Justin Bryant18 Comments


Justin Bryant18 Comments

Seventeen years ago, Colombian goalkeeper Rene Higuita astonished the football world with his now-famous ‘Scorpion Kick’ save in a friendly with England at the old Wembley Stadium. The save has achieved a life all its own, and regularly finds itself placing highly on ‘Greatest Sporting Moments’ or ‘Best Saves’ lists. One wouldn’t have been shocked had any number of ‘loco’ South American goalkeepers - Hugo Gatti, Jose Luis Chilavert, Ramon Quiroga - attempted such a trick. But only Rene Higuita did it.

Higuita was already a known quantity on the world stage, thanks to a piece of adventurous play that went terribly wrong. At the 1990 World Cup, he was dispossessed while outside his box by Cameroon’s Roger Milla. His despairing attempt to tackle as Milla coolly finished made him a figure of sympathy to some, but a laughingstock to more. Higuita had no intention of letting that moment define him.

Two things must be made clear from the start: first, the Scorpion Kick was not a great save, or certainly not a necessary one. The aimless ball Jamie Redknapp floated to Higuita could easily have been caught, or even - why not? - Chested down; and second, the Scorpion Kick manoeuvre itself is not particularly difficult. Higuita continued to do it in charity games into his forties. I’m forty-six years old and can do it.

Higuita has stated that he only attempted the trick because he saw the linesman flag for offside. The new interpretation of the law, however, meant that the flag was lowered when no England player ran onto Redknapp’s ball. If Higuita had missed his kick, the goal would have stood.

That’s what makes it a remarkable moment: having developed the bizarre trick, Higuita chose to do it in an honest-to-God game. We can call it a friendly, but professional footballers want to win five-a-side games in training. Put them in a historic stadium with a crowd of 60,000 and a live television audience, and I can assure you the Colombian players and fans at home would have been none too pleased had the trick gone awry.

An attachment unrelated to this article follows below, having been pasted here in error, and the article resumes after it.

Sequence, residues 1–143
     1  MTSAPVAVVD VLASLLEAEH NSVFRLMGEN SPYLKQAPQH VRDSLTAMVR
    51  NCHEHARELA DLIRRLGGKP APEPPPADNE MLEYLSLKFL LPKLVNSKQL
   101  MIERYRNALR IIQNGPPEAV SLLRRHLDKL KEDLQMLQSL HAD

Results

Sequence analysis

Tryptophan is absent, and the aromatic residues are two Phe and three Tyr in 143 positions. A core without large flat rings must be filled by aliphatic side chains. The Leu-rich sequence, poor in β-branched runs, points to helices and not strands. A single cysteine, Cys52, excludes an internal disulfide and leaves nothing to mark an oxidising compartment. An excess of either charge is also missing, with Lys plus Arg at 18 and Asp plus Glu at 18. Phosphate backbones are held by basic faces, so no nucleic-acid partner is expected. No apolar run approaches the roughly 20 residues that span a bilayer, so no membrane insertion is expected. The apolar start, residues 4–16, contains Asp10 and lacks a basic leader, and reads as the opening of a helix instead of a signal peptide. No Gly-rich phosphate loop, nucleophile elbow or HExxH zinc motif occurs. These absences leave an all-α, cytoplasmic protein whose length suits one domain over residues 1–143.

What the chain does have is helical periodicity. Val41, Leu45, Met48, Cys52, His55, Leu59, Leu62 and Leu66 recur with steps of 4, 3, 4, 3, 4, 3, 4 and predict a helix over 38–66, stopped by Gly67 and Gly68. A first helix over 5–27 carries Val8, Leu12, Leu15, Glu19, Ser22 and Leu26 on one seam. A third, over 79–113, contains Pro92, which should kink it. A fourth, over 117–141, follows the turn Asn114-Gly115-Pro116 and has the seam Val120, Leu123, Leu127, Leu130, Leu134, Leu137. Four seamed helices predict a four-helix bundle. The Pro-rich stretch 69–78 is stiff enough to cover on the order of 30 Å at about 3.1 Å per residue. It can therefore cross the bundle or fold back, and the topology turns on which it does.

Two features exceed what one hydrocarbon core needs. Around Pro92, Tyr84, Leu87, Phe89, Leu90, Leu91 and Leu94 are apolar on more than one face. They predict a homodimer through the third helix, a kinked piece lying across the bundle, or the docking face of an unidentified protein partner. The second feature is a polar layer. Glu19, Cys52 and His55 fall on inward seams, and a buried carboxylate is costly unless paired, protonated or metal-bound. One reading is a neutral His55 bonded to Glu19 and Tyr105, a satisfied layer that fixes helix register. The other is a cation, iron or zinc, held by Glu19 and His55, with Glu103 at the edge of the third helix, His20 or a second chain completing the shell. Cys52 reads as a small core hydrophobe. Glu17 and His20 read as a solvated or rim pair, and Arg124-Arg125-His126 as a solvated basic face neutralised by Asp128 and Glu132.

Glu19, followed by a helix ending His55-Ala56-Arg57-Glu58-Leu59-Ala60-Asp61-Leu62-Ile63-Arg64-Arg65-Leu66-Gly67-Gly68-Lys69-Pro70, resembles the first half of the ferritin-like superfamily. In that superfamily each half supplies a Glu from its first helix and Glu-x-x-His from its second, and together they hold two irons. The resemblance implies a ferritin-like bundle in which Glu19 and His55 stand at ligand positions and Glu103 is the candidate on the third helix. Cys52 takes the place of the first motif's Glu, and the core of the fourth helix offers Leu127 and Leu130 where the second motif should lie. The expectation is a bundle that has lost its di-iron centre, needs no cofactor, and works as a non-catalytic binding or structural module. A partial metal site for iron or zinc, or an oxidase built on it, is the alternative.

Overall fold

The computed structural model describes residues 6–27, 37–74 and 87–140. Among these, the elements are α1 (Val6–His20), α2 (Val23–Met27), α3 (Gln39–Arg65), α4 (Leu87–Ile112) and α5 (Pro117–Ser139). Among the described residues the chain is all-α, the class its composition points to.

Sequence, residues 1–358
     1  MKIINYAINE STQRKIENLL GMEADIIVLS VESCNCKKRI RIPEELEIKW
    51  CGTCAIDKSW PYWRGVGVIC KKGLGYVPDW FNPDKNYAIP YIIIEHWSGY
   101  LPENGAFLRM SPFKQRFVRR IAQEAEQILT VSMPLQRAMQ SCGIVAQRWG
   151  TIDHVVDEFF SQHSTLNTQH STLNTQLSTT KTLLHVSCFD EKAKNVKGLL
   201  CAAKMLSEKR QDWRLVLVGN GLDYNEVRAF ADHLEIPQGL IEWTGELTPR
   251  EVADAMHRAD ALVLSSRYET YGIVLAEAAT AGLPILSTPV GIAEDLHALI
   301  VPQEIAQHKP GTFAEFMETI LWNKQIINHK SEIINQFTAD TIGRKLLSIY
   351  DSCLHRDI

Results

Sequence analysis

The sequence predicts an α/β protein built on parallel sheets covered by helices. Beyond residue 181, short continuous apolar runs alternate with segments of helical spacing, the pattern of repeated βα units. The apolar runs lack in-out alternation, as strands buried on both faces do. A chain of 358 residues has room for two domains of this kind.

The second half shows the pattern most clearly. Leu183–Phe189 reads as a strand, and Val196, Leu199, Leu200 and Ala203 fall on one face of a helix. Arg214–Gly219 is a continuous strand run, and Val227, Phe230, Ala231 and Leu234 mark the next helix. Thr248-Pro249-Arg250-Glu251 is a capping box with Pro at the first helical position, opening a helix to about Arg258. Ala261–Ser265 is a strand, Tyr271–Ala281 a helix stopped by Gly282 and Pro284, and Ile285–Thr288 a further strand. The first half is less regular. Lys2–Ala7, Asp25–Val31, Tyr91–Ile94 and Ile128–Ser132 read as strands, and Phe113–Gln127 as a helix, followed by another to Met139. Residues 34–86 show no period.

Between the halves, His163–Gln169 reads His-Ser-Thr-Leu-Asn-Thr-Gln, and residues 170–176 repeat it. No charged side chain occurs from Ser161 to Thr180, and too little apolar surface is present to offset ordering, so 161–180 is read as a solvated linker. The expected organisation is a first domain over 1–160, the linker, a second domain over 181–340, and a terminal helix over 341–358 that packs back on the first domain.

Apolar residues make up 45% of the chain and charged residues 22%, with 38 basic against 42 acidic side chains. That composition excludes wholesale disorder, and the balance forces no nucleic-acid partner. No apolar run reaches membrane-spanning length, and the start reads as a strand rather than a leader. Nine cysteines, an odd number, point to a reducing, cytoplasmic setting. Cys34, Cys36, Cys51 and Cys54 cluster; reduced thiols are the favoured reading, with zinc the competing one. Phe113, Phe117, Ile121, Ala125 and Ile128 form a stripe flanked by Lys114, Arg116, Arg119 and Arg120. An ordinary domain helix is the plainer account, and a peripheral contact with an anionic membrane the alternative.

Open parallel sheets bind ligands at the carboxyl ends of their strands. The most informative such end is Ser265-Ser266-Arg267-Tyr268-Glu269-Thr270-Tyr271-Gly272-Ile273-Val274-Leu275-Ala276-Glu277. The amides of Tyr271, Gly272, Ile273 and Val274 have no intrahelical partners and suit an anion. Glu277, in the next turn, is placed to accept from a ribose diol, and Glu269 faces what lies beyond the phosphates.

But Rene Higuita didn’t just ignore the possibility of embarrassment or recriminations from angry fans. He ignored something much darker. Colombian football in the early nineties rode the wave of a boom funded primarily by drug money. Drug lords such as Pablo Escobar and ‘El Mexicano’ Jose Gonzalo Rodriguez Gacha used professional teams as money laundering vehicles. Escobar personally funded Nacional, Higuita’s team, bankrolling them all the way to the Copa Libertadores title in 1989, on the strength of Higuita’s saves in a penalty shootout. It was the first major international title by a Colombian team. Both the national team and domestic league flourished with the newfound riches.

But a reckoning was soon to come. Shortly after scoring a crucial own goal at the 1994 World Cup, Andres Escobar, a beloved player, was shot dead by a bodyguard working for one of the drug cartels. His murder was believed to be a simple case of revenge, as drug lords had bet heavily on the game. All of Colombia mourned Escobar; the cartels, unmoved, continued to terrorize the country (Escobar’s killer would be a free man by the time of the 2006 World Cup in Germany).